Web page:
Particle physics is the study of the fundamental forces of nature as they are embodied in the interactions of elementary and composite particles at high energies and short time and distance scales.

learn more… | top users | synonyms (1)

-1
votes
0answers
33 views

Is there a difference between two of the same fundamental particle?

Is there a difference between two of the same fundamental particle? For example, is there a difference between two electrons or two protons, or quarks or gluons? If there is a difference then how ...
1
vote
1answer
37 views

How would one get the particle beam in Stern Gerlach experiment

How would I get a beam of silver atoms? I imagine this to be problematic, since the silver atoms are neutral. How would I accelerate them?
6
votes
1answer
428 views

Can two colliding photons create a Higgs Boson?

The LHC discovered the Higgs using the following decay mode: $$ H^0 \rightarrow \gamma \gamma $$ This got me thinking: if we reverse this mode, will it be valid? In some annihilation/decay pairs, ...
-5
votes
0answers
52 views

Could the Big Bang have occurred over a finitie period of time during which the expansion of the Universe occured? [on hold]

If energy was added over a finite time period and if massive objects could not form during the time over which energy was added to the Universe, then the Universe could have remained homogenous even ...
0
votes
0answers
45 views

Is the Higgs field responsible of only 1% of the proton mass?

This post is a sequel of: Where does the majority of the mass of the usual matter come from? The following answer of @hft: Your question asks why the "current quark masses" [see ...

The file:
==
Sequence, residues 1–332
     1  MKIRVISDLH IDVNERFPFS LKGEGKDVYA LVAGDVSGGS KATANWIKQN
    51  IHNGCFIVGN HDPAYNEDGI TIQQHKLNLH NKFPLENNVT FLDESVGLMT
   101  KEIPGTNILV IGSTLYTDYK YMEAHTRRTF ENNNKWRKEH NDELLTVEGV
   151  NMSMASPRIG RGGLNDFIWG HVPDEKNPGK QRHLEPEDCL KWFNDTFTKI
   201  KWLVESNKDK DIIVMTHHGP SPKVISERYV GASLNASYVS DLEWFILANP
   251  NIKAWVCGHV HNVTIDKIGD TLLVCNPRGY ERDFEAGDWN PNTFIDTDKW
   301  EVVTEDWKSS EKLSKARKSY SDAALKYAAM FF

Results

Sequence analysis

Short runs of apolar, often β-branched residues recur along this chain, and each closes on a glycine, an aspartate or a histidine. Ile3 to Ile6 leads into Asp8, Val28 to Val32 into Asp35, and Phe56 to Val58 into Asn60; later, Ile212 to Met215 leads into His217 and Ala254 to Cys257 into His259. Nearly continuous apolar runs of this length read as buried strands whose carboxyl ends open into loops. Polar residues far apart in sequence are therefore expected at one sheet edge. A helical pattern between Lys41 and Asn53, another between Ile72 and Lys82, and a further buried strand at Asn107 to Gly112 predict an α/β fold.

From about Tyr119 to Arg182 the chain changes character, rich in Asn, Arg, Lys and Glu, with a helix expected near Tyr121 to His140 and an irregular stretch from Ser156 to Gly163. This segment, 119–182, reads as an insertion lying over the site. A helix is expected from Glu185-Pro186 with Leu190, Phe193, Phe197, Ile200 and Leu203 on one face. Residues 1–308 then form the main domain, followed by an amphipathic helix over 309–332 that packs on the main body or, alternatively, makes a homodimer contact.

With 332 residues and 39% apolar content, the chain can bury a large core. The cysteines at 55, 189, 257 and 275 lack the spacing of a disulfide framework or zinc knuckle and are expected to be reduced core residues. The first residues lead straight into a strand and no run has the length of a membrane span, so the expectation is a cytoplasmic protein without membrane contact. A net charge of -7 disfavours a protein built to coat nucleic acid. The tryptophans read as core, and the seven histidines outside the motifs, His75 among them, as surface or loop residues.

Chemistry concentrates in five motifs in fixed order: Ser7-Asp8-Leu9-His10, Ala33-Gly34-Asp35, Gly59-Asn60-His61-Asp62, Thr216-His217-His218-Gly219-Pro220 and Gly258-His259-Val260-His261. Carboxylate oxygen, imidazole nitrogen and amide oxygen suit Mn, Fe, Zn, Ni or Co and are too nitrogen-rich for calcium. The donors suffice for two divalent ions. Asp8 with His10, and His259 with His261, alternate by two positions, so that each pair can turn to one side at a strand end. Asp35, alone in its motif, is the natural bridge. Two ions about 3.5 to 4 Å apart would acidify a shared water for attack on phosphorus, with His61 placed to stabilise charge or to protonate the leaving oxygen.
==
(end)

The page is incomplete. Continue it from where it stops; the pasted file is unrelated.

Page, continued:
0
votes
1answer
76 views
+50

What determines a particles probability of creation?

I know when we're discussing events at a quantum level, we deal in probability and not absolutes. What I'm looking to understand, is when articles I've read on particle physics state a particle has a ...
3
votes
1answer
49 views

Mechanism for inelastic collisions in the particle world

We know that inside particle accelerators we collide ionized particles. But we also know that in the microworld all collisions are elastic (due only to the electrostatic force?) between the particles. ...
-6
votes
0answers
30 views

Particle Physics [closed]

Which of these statements are true? A. temperature becomes very high during this process. B. pressure becomes very high in this process C. fission fragments are radioactive D. alpha-rays are ...
2
votes
2answers
89 views

What is high energy physics?

Is high energy physics the same as particle physics? Does research in high-energy physics include things like quantum gravity, string theory and quantum field theory? Is unifying the four ...
0
votes
2answers
100 views

Why are electrons alike but photons not?

Perhaps this is a misconception, but why are electrons alike and photons not? Given two photons, they may differ by having different frequencies (energies). Given two electrons, there are just two ...
-5
votes
1answer
86 views

If the Higgs field has so few observable effects, what is its purpose in a theory? [closed]

The Higgs boson makes absolutely no sense to me because despite the Higgs field's presence everywhere, its existence is very hard to confirm. Then why does we we posit that it exists? If it has so few ...
1
vote
1answer
43 views

Charge of $W$-bosons in Feynman diagrams

When looking at Feynman diagrams of particle decays, how would I be able to find out the charges of the $W$-bosons involved in the decay?
0
votes
2answers
35 views

A particles lifetime in relation to the speed it travels with

Is it possible for a particles or any matter's lifetime in the universe to depend on it's speed?
0
votes
2answers
49 views

The Velocity of subatomic particles [closed]

Is it possible to have two subatomic particles, moving at exactly the same velocity? If its not physically possible, why not? What physics principles prevent this from happening?
0
votes
3answers
54 views

Do matter and antimatter annihilate or release energy?

Do matter and antimatter eliminate each other or release their equivalent energies? I'm almost certain it's the latter as mass can't be destroyed, but when speaking of the big bang it's said if there ...
2
votes
2answers
99 views

How many of the Standard Model free parameters are mutually independent: (all of them)?

My knowledge of the standard model is very limited so please let me spell out my assumptions first (and please let me know when I have mangled concepts, terminology or I am plainly just out of my ...
0
votes
1answer
60 views